Do you think the dollar will collapse? that's a false hope (2023)

Gold's recent exploits have whetted the appetite of investors. However, the outlook for the dollar remains healthy. That can only mean one thing.

As volatility erupts in financial markets, gold andsilver pricesthey are pulled in contradictory directions. For example, with the USD index suffering a short-term decline, the outcome for precious metals is fundamentally bullish. However, given rising US Treasury yields, the result is generally low.Oroand silver prices. So, as the broader stock market faces panic buying and selling, PMs deal with these cross currents.

However,With QE on its deathbed and the Fed set to raise the fed funds rate in the coming months, rising real rates are the common denominator.To explain, the recent popularity of the euro has impacted the dollar index. For context, the EUR/USD represents almost 58% of the movement of the basket of dollars. So if real interest rates go up and the US dollar goes down, what will happen to PMs?

well the reality iswhat comes up real interest are bullish on the USD index,and the recent ECB-induced recovery of the euro is not surprising. As investors often bought EUR/USD in anticipation of an aggressive move by the ECB, another 'hopeful' bounce ensued. However, the central bank continued to disappoint investors in 2021 and the currency pair continued to hit new lows. Therefore, we expect the downward trend to continue in the medium term.

In support of our expectations, on February 2 I wrote the following about the financial situation and the USD index:

Do you think the dollar will collapse? that's a false hope (1)

To explain, the blue line above represents the Goldman Sachs Financial Conditions Index (FCI). For context, the index is calculated as a "weighted average of risk-free interest rates, exchange rates, equity valuations, and credit spreads, with weights corresponding to the direct impact of each variable on GDP." In short, when interest rates rise along with credit spreads, it becomes more expensive to borrow money and financial conditions tighten.

Up to this point you can see that if you look at the right hand side of the graphthe FCI has exceeded its pre-COVID-19 maximum(January 2020). Furthermore, the FCI bottomed out in January 2021 and has been chasing a comeback ever since. Not coincidentally, the PMs have suffered greatly since January 2021. At this point, with the Fed set to raise rates at its March policy meeting, the FCI should continue to rise. As a result, aid rallies by prime ministers must stop, just like in 2021.

Also,Although the USD index has fallen from its recent high, it is no coincidence that the basket of dollars bottomed out in January 2021 with the FCI and reached a new high in January 2022 with the FCI.While the recent consolidation may seem worrisome, the medium-term fundamentals that support the dollar remain strong.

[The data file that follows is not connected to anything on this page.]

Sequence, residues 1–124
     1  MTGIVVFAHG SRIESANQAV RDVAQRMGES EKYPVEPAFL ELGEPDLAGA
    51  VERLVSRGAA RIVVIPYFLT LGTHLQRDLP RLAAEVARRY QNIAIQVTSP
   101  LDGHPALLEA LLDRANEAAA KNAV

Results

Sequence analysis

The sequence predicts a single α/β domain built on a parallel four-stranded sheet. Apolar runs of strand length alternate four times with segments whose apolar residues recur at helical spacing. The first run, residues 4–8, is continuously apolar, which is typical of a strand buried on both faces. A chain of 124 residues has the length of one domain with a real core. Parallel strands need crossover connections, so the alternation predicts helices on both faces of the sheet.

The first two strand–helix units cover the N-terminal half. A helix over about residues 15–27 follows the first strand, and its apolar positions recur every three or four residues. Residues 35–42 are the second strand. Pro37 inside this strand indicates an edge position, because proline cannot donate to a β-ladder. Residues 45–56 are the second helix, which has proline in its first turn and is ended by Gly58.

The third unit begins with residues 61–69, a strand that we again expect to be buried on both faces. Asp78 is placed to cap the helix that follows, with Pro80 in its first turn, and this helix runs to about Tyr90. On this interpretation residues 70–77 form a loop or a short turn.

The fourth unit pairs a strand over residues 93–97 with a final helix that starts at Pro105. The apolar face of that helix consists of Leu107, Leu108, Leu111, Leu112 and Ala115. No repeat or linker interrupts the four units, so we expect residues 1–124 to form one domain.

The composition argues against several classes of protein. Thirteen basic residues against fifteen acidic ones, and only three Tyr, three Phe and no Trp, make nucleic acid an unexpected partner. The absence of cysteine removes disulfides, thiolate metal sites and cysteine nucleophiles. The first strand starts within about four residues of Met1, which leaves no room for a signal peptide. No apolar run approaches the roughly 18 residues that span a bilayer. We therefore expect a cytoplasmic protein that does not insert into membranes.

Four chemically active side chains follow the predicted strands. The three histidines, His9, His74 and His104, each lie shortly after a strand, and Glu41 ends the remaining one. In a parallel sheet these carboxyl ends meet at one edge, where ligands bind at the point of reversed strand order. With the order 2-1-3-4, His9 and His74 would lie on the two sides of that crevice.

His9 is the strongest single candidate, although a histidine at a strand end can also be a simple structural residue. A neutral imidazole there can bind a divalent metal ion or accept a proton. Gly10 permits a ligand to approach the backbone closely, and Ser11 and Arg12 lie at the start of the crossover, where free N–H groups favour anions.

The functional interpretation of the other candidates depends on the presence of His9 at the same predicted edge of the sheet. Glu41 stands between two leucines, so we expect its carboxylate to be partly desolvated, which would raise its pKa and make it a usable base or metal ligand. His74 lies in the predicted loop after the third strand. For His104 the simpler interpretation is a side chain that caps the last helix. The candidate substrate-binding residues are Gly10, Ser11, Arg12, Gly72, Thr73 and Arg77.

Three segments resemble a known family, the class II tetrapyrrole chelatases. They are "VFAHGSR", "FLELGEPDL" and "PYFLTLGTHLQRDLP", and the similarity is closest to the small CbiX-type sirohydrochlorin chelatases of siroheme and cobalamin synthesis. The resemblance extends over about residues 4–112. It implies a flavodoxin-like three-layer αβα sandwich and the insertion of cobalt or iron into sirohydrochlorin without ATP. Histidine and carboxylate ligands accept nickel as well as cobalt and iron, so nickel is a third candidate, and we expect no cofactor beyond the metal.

In addition, tighter financing conditions are often a consequence of rising real interest rates. As mentioned above, the USD index bottomed out at the FCI and rose to new highs at the FCI. As a result, fundamentals support a stronger USD index, not a weaker one. As evidence, the US 10-year real yield, the FCI, and the USD index have followed similar paths since January 2020.

See below:

Do you think the dollar will collapse? that's a false hope (2)

To explain, the green line above represents the USD index since January 2020, while the red line above represents the 10-year US real yield. While the latter did not bottom out like the USD and FCI index did in January 2021 (although it was close), all three rallied sharply at the end of 2021 and hit new highs in 2022.Nominal and real yields on 10-year US Treasuries hit new 2022 highs on February 1.

Also, if you compare the two charts, you'll see that all three metrics increased when the coronavirus crisis hit in March 2020. Thus, the trio often follows in each other's footsteps. Given that the Fed is likely to raise rates at its March policy meeting, this conclusion supports higher US 10-year real yields and a higher FCI. Consequence,The fundamentals underlying the USD index remain strong and near-term sentiment is likely to explain the recent weakness.

With the Omicron variant slowing US economic activity, the "bad news is good news" camp has raised new hope for a dovish Fed. However, the recent stress is unlikely to affect the Fed's response function. Case in point: After ADP private payrolls fell 301,000 in January (data released Feb. 2), concern spread across the Wall Street. However, after US Nonfarm Payrolls (government data) came in at 467,000 vs. 150,000 expected on February 4, the US labor market remains extremely healthy.

See below:

Do you think the dollar will collapse? that's a false hope (3)

Quelle: US Bureau of Labor Statistics (BLS)

Additionally, the BLS revealed that “the monthly job change for November and December 2021 combined is 709,000 higher than previously reported, while the monthly job change for June and July 2021 combined is 807,000 lower.Overall, the change over the year 2021 is 217,000 more than previously reported."

Thus, in November and December combined, the US created more than 700,000 jobs than previously reported, and net income in 2021 was more than 200,000.